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My mother, the product of a broken wreck of a marriage, was raised, in part, in the Philadelphia home of her cousin Elsie. Elsie’s parents were anarchists; they never married out of principle. They had a picture of Eugene V. Debs above the fireplace (Debs being the only Socialist candidate for President who ever came close to getting a million votes; he accomplished this while in prison in 1920), and in 1909, long before my mother was born, they hid out Emma Goldman when the police were looking for her.

My father, the product of a stable family, was raised, in whole, in the small town of Carrollton, Ohio. He was an Eagle Scout, went to bible camp, and at 14 signed the Women’s Christian Temperance Union pledge to never let alcohol touch his lips. He has happily spent a lifetime breaking that pledge. He is, through his mother, related to William McKinley, stalwart Republican and 25th President of the United States, who received over 7 million votes in 1900, long before my father was born.

William McKinley was assassinated in September 1901 at the Pan American Exposition in Buffalo, New York. He was shot by Leon Czolgosz, an off-the-rails anarchist driven to the deed after seeing Emma Goldman speak, and put to death for his efforts.

My mother’s politics were, as one might expect with her upbringing, as red as her hair; the only picket line she ever crossed in her life was to work on Dark Shadows, and only then after days of memorably exhaustive soul-searching. My father’s politics were what one might expect of a small-town Ohio boy related to William McKinley. But landing on Normandy Beach (D-Day+2) and walking from there through the Battle of the Bulge to Munich made him go through his own evolutions of the soul.

Still and yet, they often joked, when they came home from the polls on Election Day, that their votes had cancelled each other out.

Kind of like Czolgosz and McKinley.

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Stephen Sondheim mentions Czolgosz—gives him a whole song, in fact— in his musical, Assassins. Stephen Sondheim also wrote this, in Follies:

Okey-doaks.
Come on, folks.
And where we gonna go?
A little joint I know-
What?
Great new show there.
Hey, I thought you said tonight’d be Tony’s–
This joint is just as grand.
We girls got dressed for dancing at Tony’s–
This joint is in demand.
Ta-ta, goodbye, you’ll find us at Tony’s–
Wait till you hear the band!
You told us Tony’s,
That we’d go to Tony’s. I told you Tony’s?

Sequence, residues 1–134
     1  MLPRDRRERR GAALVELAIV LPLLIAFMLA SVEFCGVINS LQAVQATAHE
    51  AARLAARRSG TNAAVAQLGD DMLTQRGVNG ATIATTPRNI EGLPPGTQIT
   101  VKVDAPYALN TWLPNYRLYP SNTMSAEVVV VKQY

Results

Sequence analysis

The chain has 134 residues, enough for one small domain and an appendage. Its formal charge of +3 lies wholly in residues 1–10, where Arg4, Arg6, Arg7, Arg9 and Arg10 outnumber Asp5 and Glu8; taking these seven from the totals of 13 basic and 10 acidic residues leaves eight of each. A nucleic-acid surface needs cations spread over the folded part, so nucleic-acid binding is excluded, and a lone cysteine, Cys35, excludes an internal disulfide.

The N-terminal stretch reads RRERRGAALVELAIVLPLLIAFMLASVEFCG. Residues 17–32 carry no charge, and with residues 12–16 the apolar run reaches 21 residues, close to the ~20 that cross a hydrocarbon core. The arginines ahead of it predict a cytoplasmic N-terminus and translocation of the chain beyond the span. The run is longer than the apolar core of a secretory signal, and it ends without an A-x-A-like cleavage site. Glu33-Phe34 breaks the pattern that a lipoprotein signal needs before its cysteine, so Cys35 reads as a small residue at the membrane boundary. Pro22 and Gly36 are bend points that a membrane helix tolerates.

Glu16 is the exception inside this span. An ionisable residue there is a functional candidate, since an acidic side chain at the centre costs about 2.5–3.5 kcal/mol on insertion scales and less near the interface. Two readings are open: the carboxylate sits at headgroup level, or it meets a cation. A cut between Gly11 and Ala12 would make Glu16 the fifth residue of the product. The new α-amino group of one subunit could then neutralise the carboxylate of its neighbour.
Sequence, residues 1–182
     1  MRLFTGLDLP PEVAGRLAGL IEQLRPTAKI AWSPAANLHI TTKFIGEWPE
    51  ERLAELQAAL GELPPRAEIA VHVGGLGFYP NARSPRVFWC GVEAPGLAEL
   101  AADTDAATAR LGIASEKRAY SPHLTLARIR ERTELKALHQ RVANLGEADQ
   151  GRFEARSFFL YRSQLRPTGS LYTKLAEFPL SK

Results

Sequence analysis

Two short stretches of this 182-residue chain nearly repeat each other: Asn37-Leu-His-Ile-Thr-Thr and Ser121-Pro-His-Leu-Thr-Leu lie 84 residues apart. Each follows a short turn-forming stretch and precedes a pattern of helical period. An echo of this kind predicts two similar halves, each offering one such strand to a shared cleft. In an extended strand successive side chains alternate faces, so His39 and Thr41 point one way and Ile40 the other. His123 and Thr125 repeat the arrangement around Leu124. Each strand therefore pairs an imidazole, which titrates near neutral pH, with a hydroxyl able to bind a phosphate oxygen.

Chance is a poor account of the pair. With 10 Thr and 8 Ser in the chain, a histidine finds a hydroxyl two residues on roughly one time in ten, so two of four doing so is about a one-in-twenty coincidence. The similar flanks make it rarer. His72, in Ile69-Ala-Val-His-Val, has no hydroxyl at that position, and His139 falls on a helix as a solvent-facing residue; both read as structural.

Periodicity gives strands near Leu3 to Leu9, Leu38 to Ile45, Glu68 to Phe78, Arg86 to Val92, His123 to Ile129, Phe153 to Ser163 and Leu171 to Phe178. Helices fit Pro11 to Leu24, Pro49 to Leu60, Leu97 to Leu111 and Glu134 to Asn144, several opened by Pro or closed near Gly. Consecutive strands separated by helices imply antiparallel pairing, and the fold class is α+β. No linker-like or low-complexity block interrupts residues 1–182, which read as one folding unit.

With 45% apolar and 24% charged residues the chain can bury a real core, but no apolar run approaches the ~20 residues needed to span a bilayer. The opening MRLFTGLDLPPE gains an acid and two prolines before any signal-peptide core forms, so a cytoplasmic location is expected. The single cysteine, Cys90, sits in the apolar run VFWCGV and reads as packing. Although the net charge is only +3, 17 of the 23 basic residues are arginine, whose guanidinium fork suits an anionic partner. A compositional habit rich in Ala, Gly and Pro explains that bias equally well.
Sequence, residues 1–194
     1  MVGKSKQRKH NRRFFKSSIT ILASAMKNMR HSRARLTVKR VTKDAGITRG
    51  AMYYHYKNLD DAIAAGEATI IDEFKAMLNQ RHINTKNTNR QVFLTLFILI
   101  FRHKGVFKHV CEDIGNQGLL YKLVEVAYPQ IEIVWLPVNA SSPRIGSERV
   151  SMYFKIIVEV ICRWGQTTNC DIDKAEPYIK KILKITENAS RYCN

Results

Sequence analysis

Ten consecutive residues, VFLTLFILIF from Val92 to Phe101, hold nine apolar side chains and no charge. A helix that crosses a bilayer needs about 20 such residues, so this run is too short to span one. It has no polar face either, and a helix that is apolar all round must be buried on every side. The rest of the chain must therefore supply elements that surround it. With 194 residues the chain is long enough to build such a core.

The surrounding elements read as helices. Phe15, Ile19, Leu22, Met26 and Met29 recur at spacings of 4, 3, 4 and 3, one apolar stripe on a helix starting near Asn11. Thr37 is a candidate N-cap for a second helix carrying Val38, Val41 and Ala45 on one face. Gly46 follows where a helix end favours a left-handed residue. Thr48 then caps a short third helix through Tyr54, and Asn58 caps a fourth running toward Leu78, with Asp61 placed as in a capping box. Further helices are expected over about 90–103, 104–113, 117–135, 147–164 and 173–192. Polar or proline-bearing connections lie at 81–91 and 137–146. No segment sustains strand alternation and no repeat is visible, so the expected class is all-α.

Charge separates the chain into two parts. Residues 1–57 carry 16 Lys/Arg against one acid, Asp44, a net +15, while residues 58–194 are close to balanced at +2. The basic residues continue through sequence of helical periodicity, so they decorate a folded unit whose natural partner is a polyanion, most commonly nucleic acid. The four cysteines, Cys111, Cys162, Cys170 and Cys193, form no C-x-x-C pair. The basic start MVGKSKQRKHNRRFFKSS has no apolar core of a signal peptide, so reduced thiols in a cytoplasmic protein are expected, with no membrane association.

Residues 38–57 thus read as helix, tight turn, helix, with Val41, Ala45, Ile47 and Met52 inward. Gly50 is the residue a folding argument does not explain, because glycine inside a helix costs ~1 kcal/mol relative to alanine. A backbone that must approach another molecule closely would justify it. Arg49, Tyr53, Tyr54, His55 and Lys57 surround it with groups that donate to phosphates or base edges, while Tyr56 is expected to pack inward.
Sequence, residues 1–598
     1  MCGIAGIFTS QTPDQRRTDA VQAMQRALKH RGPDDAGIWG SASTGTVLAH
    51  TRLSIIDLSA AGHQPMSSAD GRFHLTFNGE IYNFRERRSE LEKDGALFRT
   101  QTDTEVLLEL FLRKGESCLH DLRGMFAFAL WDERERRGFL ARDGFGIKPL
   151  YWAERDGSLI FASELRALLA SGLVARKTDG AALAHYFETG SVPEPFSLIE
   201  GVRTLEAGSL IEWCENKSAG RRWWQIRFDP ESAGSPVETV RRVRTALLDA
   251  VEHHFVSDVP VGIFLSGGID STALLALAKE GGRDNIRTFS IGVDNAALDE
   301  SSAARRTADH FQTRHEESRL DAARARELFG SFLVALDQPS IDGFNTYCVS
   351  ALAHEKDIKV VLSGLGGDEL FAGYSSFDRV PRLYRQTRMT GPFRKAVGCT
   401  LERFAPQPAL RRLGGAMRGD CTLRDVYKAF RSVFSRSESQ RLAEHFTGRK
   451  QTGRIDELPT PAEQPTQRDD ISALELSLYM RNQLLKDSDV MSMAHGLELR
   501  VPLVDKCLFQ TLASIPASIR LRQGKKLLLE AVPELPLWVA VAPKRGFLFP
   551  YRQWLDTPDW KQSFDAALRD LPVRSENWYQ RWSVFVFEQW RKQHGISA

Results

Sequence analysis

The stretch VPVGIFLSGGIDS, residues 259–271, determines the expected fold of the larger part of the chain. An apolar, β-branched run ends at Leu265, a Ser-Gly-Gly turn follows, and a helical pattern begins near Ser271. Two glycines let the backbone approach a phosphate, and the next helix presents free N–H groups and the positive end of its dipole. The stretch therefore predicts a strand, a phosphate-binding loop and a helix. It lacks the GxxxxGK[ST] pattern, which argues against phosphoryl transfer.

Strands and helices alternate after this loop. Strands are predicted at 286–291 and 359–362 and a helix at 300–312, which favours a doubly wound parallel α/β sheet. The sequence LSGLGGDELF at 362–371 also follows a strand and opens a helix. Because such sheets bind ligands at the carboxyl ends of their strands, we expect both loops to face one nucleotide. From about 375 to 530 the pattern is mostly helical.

Then Ben mentioned Tony’s. I never said Tony’s
Well, someone said Tony’s. When’s Ben mentioned Tony’s?
There’s dancing at Tony’s– It’s ritzy at Tony’s–
All right, then, we’ll go! All right, then, we’ll go!

My parents met on a double date at Tony’s in 1950. It was, evidently, where the Sheraton Hotel is now. When Grayson mentioned that she was planning to marry some man and move to California, Sam got up, went to the bathroom, then went to the Maitre D’, bypassed the table, paid the check, left the restaurant, went back to the Plaza hotel, packed his bag, and took the train up to Hanover, New Hampshire, where the Dartmouth Winter Carnival was in session. He was no longer a Dartmouth undergrad—he’d been through the war, and was now pursuing a Master’s at Yale Drama—but he knew people up at Hanover, and he went to stay with them.

No doubt there was a girl involved. There were girls before my mother. There was a beautiful countess with a slight hint of a moustache. There was an interesting girl who was murdered by the man she eventually married, and later, in Mexico, Sam was introduced socially to that man.

Anyway. Some time in 1952, or thereabouts, Sam was in New York, and was asked if he wanted to go to a party at that girl Shirley’s apartment. Okay, he thought, that marriage didn’t work out. He went, talked with her (she had no memory of the earlier evening, nor did she ever dredge any memories up—suffice it to say, she had been busy), charmed her, convinced her to leave her own party and spend the night with him at the Algonquin.

And so they did. And were together until 1985.

Czolgosz and McKinley. United at last.

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